MVVM flattens out the dependencies. This creates focus. What is focus? The ability to work on a single piece of functionality without the distraction of all other dependencies. Now you can start writing unit tests on code that was previously deemed untestable.

The View Model acts as a facade between the View and the Model. The View Model caters to the needs of the View - technically the View should own the View Model. If the View requires data from multiple sources, the View Model encapsulates the composition of separate data sources into a single, unified, de-normalized object. If the view needs to call back into the Model or other destinations, the View Model provides hooks and routes the appropriate call.

Consider how a networking patch-panel works. At first glance, this seems redundant - why not simply wire your ethernet from point A to point B. But with experience, you'll understand that a patch panel provides you with a key piece of abstraction which allows you to alter the routes of Point B without affecting Point A. This is what your View Model is doing.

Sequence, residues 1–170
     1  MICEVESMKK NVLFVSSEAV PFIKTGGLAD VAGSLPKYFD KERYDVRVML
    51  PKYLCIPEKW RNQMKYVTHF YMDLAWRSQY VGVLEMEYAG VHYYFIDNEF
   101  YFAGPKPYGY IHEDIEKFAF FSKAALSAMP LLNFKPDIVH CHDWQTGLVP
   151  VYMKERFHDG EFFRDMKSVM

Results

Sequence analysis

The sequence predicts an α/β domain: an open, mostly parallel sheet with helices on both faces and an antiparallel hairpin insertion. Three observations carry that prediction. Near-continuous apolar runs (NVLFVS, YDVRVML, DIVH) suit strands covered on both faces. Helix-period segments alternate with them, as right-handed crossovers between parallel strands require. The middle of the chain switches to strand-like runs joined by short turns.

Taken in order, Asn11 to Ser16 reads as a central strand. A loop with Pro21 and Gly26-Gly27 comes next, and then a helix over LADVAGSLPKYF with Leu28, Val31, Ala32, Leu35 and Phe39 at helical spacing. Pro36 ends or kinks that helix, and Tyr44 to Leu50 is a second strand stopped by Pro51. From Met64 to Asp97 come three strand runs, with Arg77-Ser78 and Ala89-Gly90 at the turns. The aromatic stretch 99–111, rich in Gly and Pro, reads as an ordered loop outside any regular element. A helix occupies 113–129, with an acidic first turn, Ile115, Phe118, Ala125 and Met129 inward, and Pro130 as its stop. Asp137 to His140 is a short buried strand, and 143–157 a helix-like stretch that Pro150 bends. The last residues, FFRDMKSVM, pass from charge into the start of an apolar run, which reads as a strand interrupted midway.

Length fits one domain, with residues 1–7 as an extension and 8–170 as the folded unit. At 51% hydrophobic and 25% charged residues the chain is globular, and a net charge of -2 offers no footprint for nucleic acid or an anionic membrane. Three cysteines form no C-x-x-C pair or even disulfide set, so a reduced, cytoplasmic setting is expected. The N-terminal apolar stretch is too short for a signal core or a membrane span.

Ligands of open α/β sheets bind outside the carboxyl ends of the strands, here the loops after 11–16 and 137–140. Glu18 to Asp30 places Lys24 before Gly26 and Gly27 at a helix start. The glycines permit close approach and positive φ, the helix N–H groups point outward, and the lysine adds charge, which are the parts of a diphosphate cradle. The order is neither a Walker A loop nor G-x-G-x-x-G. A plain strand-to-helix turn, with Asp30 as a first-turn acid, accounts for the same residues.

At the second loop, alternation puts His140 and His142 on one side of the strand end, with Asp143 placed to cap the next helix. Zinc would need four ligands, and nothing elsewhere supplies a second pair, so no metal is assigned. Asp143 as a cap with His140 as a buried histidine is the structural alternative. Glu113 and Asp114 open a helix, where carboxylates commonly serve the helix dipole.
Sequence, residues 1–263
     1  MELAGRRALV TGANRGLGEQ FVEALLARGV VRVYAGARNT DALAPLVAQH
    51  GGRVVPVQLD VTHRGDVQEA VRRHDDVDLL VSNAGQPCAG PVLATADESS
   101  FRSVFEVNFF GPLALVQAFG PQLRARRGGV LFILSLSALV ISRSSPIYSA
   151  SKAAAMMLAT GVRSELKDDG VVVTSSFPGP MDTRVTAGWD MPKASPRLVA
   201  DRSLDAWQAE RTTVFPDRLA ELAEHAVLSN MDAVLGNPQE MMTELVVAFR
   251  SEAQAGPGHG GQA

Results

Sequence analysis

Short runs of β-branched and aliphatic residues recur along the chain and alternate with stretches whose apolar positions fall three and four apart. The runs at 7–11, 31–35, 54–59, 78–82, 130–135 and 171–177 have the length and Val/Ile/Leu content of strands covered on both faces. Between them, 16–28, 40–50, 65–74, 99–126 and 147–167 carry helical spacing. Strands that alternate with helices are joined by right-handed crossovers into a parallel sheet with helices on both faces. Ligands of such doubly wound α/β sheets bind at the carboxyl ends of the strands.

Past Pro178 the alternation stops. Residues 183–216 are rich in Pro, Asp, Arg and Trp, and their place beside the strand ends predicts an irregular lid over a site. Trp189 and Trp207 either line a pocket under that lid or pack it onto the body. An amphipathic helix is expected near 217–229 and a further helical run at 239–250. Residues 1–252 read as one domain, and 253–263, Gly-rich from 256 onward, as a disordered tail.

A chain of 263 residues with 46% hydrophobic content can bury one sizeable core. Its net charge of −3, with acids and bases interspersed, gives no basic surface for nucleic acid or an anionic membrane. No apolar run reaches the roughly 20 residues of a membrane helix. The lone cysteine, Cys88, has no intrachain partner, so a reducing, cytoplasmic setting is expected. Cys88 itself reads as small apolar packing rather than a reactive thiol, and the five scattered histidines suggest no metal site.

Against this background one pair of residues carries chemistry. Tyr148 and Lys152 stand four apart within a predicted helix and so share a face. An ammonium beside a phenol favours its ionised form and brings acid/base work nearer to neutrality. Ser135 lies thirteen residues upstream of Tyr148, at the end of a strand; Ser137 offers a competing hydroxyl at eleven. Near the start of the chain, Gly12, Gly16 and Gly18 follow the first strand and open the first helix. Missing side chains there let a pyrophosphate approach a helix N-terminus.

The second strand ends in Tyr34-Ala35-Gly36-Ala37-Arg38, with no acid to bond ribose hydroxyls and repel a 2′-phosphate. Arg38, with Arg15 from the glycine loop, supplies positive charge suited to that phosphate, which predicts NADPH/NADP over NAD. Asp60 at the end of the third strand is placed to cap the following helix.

Now that you have a clean abstraction between your View and Model, the consequence should be that your View/Controller is only concerned with presentation. This means it shouldn't be dealing with localization or formatting - it gets data and presents data. Your View Model is an ideal place to put these sort of pre-view data massaging. Let's say you need to filter data based on a criteria. Again, the View Model is knowledgable about the Model data (your View is not) and is a great place to put this sort of code.

Once you start organizing your application requirements in this fashion, your View/Controller code becomes cleaner, and when something needs to change, the implications are more obvious, which leads to fewer bugs.

Testability

One final note on testability: By flattening out dependencies, it makes it easier to inject mock dependencies into your tests. It makes testing easier and more concise. Your View Model becomes something that you can define clear test cases against.